Yeah — oy. [Laughs.] I have a T-shirt that says “oy.” But for me, the compression of the schedule that we shot in New York, it was very, very, very convenient for me. And I gotta tell ya, I always look forward to this. I mean, do I care what people think about [how] I used to make big studio films and I got nominated for this and for that in the theater, and I’ve done things that are certainly more traditional? I really couldn’t care less what people think in terms of this kind of thing. I’ve had more fun with these people. 30 Rock was great, SNL is great, and Match Game is right up there in terms of the people that we work with.
I’m a classic Match Game fan, so let me ask you this. F–k/Marry/Kill: Brett Somers, Charles Nelson Reilly, and Richard Dawson. What would your choices be?
Well, our Match Game version would be boff, marry, kill, because we gotta be careful on the air. So boff, marry, kill? That’s a tough one. You think I would say Brett Somers cause I’m a straight guy, but when the sex is over, what is there? Who would you rather be in bed with than Charles Nelson Reilly? So he might be “boff.” I can’t say. “Marry” probably would also be Charles Nelson Reilly. And after I boffed him and I married him, I’d probably want to kill him. So he would be boff and marry and kill.
Your other big TV role of late has been playing Donald Trump on Saturday Night Live. You’ve made some comments recently about whether that’s going to continue. I’m wondering, at this point, what’s the most tedious technical aspect of that impression? Is it the makeup or the voice or just getting into his headspace?
If I were doing a movie with some really precise director — Ronnie Howard or David Fincher — that’s one thing. There’s a performance involved; you are inhabiting somebody. The cold opening of Saturday Night Live is where you light the fuse of a 90-minute live comedy show, which does not lend itself to that kind of detail. We’re firing a cannon and we have a specific job to do. If we were looking for the most precise rendering of Trump’s personality, you’d slow it down a lot. Trump is not really as energetic as I try to make him. There’s a conflict there between a really effective impersonation of him and what I do.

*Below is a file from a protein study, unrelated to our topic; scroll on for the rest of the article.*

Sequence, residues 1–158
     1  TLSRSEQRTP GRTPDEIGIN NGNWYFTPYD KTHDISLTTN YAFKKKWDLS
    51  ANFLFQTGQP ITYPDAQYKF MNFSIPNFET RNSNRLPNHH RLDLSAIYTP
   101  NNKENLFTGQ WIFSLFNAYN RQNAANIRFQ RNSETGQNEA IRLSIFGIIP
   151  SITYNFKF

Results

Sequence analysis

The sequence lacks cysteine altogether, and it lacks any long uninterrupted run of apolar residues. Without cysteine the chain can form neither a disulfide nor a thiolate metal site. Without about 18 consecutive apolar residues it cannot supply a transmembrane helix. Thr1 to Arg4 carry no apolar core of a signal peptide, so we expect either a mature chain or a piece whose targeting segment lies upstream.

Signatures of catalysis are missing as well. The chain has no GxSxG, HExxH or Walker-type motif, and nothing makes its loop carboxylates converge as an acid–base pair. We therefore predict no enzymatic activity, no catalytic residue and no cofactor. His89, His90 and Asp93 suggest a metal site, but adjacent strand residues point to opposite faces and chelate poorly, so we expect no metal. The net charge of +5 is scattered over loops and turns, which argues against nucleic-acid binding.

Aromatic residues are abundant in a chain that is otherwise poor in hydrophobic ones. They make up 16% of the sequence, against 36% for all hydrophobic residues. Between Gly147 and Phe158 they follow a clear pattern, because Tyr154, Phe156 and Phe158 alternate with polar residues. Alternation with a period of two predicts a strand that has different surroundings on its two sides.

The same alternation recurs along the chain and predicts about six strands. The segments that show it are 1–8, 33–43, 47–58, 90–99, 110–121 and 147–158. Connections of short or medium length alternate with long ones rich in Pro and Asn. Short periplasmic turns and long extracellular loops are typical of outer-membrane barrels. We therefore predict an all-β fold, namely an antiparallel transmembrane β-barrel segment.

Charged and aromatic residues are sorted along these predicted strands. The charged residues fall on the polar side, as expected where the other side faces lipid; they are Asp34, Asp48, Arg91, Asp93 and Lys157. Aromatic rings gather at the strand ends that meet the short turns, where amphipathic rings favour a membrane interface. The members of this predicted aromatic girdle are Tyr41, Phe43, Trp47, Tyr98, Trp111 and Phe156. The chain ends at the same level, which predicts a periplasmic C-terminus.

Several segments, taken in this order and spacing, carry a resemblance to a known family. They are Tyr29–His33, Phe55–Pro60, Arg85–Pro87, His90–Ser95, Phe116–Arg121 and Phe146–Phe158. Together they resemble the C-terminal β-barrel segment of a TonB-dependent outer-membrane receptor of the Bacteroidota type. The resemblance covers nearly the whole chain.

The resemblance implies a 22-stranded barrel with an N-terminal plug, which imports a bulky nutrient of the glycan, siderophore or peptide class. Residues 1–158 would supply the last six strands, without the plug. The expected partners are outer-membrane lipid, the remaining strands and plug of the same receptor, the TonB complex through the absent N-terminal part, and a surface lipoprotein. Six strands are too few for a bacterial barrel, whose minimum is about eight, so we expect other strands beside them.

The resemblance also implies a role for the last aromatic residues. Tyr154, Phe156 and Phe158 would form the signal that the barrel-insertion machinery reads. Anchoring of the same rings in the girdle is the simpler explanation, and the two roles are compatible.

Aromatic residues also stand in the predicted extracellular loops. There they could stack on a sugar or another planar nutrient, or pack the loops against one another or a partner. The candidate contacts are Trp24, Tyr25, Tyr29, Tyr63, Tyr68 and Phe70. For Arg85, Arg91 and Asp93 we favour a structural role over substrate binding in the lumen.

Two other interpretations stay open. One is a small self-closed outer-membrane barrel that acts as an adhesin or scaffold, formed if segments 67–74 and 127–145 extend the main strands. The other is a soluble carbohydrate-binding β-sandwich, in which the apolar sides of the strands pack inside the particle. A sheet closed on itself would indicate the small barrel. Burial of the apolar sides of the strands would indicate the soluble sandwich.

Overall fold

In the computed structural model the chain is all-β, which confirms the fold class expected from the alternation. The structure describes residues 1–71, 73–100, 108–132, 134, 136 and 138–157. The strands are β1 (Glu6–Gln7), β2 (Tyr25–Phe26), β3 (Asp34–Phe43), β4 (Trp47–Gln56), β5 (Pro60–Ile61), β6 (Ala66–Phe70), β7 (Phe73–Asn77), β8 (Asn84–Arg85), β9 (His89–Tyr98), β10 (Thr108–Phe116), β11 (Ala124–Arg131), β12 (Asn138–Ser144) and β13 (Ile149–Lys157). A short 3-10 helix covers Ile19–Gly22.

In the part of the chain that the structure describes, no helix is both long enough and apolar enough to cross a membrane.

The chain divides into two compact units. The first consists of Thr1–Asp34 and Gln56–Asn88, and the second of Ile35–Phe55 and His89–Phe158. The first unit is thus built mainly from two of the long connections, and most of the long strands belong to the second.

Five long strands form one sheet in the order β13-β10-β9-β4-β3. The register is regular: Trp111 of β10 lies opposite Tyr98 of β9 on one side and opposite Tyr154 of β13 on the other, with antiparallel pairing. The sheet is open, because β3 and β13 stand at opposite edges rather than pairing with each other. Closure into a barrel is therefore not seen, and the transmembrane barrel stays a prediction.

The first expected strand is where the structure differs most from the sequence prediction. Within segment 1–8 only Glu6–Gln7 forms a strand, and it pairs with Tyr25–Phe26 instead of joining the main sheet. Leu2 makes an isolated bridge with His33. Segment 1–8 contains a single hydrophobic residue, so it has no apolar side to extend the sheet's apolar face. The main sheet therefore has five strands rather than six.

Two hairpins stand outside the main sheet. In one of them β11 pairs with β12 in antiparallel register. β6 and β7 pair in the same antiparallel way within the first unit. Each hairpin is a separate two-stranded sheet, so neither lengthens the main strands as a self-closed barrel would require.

So what I gave them was my cartoon version of that. It’s got certain gestures, it’s got certain neuroses, it’s got certain buffoonery and a kind of narcissism and so forth. But it is not by any means, nor could it be, a really precise impersonation of Trump. A long-form impersonation of Trump would put people to sleep in five minutes. Trump is dull. Trump is an immensely dull man. When you listen to him talk, he’s not that smart, he’s not that engaging, he’s not that verbally skilled. He says the same thing over and over again. If we really did an impersonation of Trump, that would be the best sleep aid I’ve ever heard of in my life. So we did what I came up with, which was more of a caricature.
I think it’s a law that I ask you about the possibility of a 30 Rock revival or reboot. There were rumors about it last year. Do you have any desire to revisit the show at some point? And where do things stand on it actually happening?
I do think they have a concern that the reboot thing on TV has worked in some cases, and in other cases it has not. Whether they have the confidence to move forward with the 30 Rock reboot, I really don’t know. I know that they’ve talked about it. I know that a lot of people have come to Tina. Tina has no shortage of people that want to avail themselves of her enormous talent, and one of them is no doubt NBC with a reboot of 30 Rock. But no reboot of 30 Rock could ever live without Tina’s not just blessing, but involvement. I’ve never heard a peep out of her that she’s really interested in that at all.